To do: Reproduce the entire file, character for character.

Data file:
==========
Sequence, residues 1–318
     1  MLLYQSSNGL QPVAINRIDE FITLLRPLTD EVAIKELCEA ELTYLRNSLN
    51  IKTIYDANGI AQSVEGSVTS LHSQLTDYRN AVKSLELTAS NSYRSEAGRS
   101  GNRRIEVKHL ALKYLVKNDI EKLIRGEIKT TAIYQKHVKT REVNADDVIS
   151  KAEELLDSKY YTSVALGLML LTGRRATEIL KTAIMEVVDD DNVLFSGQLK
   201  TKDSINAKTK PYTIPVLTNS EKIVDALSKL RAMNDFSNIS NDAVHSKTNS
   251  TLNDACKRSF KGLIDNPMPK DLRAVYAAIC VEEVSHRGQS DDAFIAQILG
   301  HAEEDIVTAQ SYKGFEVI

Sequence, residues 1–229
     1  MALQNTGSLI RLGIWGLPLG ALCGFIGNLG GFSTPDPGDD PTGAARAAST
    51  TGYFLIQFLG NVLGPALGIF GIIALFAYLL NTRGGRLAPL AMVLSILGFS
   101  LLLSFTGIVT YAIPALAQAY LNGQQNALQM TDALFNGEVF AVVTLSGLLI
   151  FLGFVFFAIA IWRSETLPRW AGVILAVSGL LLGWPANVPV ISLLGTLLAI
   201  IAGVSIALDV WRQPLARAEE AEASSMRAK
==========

Sequence, residues 1–318
     1  MLLYQSSNGL QPVAINRIDE FITLLRPLTD EVAIKELCEA ELTYLRNSLN
    51  IKTIYDANGI AQSVEGSVTS LHSQLTDYRN AVKSLELTAS NSYRSEAGRS
   101  GNRRIEVKHL ALKYLVKNDI EKLIRGEIKT TAIYQKHVKT REVNADDVIS
   151  KAEELLDSKY YTSVALGLML LTGRRATEIL KTAIMEVVDD DNVLFSGQLK
   201  TKDSINAKTK PYTIPVLTNS EKIVDALSKL RAMNDFSNIS NDAVHSKTNS
   251  TLNDACKRSF KGLIDNPMPK DLRAVYAAIC VEEVSHRGQS DDAFIAQILG
   301  HAEEDIVTAQ SYKGFEVI

Sequence, residues 1–229
     1  MALQNTGSLI RLGIWGLPLG ALCGFIGNLG GFSTPDPGDD PTGAARAAST
    51  TGYFLIQFLG NVLGPALGIF GIIALFAYLL NTRGGRLAPL AMVLSILGFS
   101  LLLSFTGIVT YAIPALAQAY LNGQQNALQM TDALFNGEVF AVVTLSGLLI
   151  FLGFVFFAIA IWRSETLPRW AGVILAVSGL LLGWPANVPV ISLLGTLLAI
   201  IAGVSIALDV WRQPLARAEE AEASSMRAK